Several years ago I remember going to a talk by Peter Maguire about his book, Facing Death in Cambodia. That book is about the Khmer Rouge, why they killed, and why (at the time Maguire wrote the book) none of them had been tried in court.

facing death

One thing that I remember from his talk is that Maguire mentioned that in the course of conducting his research he came to realize that some Westerners had been executed in S-21 (a.k.a. Tuol Sleng), the infamous torture center in Phnom Penh run by Kaing Guek Eav, a.k.a. “Duch” (sounds like “Doik”). And what is interesting is that he had actually succeeded in identifying (at least) one of these victims, a surfer from California who had also spent time surfing on the north shore of Oahu in Hawaii.

What Maguire had found out is that this guy, and some friends, had tried to smuggle Thai stick (i.e., marijuana) from Thailand to Hong Kong, but were blown ashore in Cambodia when it was under the control of the Khmer Rouge. They were captured and taken to S-21, had their pictures taken, (presumably) were tortured, and then were killed.

The Cambodia Genocide Project at Yale has digitized some 5,000 photographs of S-21 victims. I’m not sure if their pictures are there or not.

ts

Today, however, I came across some digitized materials in the David Chandler Cambodia Collection at Monash University. Now a professor emeritus, Chandler is the premier Western historian of Cambodia. And apparently what he did after retiring was to offer Monash Library many of the materials that he had collected over the years through his research, and the Monash Library has digitized a few of them (please digitize more!!!).

As a side note, I think that this is a practice that every scholar should start engaging in. However, rather than waiting until one retires, one should put resources on the web as soon as one is “done” with them. For example, if you collect materials to publish a book, put them on the Internet after the book is published. Let’s all share!

Duch

Back to the topic of S-21, in the David Chandler Cambodia Collection I came across a document from 1999 entitled “Interview with Kaing Guek Eav, also known as Duch, chairman of S-21.” It is a record of an interview conducted by Christophe Peschoux of the UN’s Office of the High Commissioner for Human Rights.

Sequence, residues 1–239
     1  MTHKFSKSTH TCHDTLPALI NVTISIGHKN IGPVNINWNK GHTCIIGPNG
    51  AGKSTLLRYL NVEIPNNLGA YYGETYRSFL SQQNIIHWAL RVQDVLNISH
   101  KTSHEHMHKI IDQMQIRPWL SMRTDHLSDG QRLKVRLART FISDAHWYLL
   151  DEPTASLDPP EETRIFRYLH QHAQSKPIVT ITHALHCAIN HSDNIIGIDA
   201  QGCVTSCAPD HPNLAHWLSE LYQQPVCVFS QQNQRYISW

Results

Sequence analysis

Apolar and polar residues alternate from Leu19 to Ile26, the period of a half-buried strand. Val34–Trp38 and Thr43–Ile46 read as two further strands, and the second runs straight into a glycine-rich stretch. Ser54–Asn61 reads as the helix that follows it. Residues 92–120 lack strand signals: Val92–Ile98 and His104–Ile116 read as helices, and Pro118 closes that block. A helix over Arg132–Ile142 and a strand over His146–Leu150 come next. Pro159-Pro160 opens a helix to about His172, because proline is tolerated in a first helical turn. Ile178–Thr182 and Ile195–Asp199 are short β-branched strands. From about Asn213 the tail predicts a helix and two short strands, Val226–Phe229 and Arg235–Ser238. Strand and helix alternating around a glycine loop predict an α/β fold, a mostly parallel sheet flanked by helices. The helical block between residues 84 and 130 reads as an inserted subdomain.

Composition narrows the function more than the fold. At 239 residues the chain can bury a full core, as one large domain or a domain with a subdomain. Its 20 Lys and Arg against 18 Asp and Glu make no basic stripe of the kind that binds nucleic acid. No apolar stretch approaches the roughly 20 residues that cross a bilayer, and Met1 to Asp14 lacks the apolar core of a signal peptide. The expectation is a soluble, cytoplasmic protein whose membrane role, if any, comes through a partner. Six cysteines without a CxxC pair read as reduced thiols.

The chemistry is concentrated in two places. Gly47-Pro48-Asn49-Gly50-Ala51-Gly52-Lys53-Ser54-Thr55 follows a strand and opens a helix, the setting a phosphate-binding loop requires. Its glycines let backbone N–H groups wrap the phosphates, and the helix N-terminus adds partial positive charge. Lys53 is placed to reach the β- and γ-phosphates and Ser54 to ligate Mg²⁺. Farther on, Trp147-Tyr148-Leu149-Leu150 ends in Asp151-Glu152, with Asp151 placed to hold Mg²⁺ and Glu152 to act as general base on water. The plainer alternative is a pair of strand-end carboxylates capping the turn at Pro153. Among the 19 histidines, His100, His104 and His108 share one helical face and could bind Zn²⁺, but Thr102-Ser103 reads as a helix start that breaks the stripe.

In this long (86 pages) interview, Peschoux brings up the topic of Westerners being killed at S-21. Duch says (pg. 79) that “I remember that these people had come to Cambodia by sea. Our naval forces had arrested them. I do not remember very well how many of them there were. . . I do remember getting an order from Nuon Chea to burn their bodies. They were burnt on a bunch of tyres. I do not recall exactly where, but it was close to Boeng Trabek, between Mao Se Tong Boulevard and Boeng Tumpun, next to a small pond where nobody lived. They were detained in S-21 for less than a month.”

I’m assuming that Duch was talking here about the surfers who were trying to smuggle marijuana from Thailand to Hong Kong.

ThaiStickbook

And on that note, it looks like Peter Maguire has researched that topic further. I see that later this fall a new book that he has written is coming out – Thai Stick: Surfers, Scammers, and the Untold Story of the Marijuana Trade.

This is the summary of the book on the Columbia University Press page:

“Thailand’s capital, Krungtep, known as Bangkok to Westerners and ‘the City of Angels’ to Thais, has been home to smugglers and adventurers since the late eighteenth century. During the 1970s, it became a modern Casablanca to a new generation of treasure seekers: from surfers looking to finance their endless summers to wide-eyed hippie true believers and lethal marauders leftover from the Vietnam War. Moving a shipment of Thai sticks from northeast Thailand farms to American consumers meant navigating one of the most complex smuggling channels in the history of the drug trade.

“Peter Maguire and Mike Ritter are the first historians to document this underground industry, the only record of its existence rooted in the fading memories of its elusive participants. Conducting hundreds of interviews with smugglers and law enforcement agents, the authors recount the buy, the delivery, the voyage home, and the product offload. They capture the eccentric personalities who transformed the Thai marijuana trade from a GI cottage industry into one of the world’s most lucrative commodities, unraveling a rare history from the smugglers’ perspective.”

It looks like this will be a fun book to read.